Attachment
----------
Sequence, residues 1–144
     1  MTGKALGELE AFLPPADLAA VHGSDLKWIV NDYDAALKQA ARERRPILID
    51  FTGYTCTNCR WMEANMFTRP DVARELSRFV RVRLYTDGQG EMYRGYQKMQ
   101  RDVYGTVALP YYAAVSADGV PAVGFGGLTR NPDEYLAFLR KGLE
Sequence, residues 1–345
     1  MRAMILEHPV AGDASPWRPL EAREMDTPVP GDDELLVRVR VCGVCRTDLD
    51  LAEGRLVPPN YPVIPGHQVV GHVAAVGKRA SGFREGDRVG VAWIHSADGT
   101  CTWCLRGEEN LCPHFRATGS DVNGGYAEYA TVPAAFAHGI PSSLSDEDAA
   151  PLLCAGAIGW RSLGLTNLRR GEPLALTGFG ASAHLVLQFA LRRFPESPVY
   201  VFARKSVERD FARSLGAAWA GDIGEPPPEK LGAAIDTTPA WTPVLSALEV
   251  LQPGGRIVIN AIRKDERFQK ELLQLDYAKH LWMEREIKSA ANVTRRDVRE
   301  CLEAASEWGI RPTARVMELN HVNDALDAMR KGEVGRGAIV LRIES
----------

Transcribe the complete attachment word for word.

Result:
Sequence, residues 1–144
     1  MTGKALGELE AFLPPADLAA VHGSDLKWIV NDYDAALKQA ARERRPILID
    51  FTGYTCTNCR WMEANMFTRP DVARELSRFV RVRLYTDGQG EMYRGYQKMQ
   101  RDVYGTVALP YYAAVSADGV PAVGFGGLTR NPDEYLAFLR KGLE
Sequence, residues 1–345
     1  MRAMILEHPV AGDASPWRPL EAREMDTPVP GDDELLVRVR VCGVCRTDLD
    51  LAEGRLVPPN YPVIPGHQVV GHVAAVGKRA SGFREGDRVG VAWIHSADGT
   101  CTWCLRGEEN LCPHFRATGS DVNGGYAEYA TVPAAFAHGI PSSLSDEDAA
   151  PLLCAGAIGW RSLGLTNLRR GEPLALTGFG ASAHLVLQFA LRRFPESPVY
   201  VFARKSVERD FARSLGAAWA GDIGEPPPEK LGAAIDTTPA WTPVLSALEV
   251  LQPGGRIVIN AIRKDERFQK ELLQLDYAKH LWMEREIKSA ANVTRRDVRE
   301  CLEAASEWGI RPTARVMELN HVNDALDAMR KGEVGRGAIV LRIES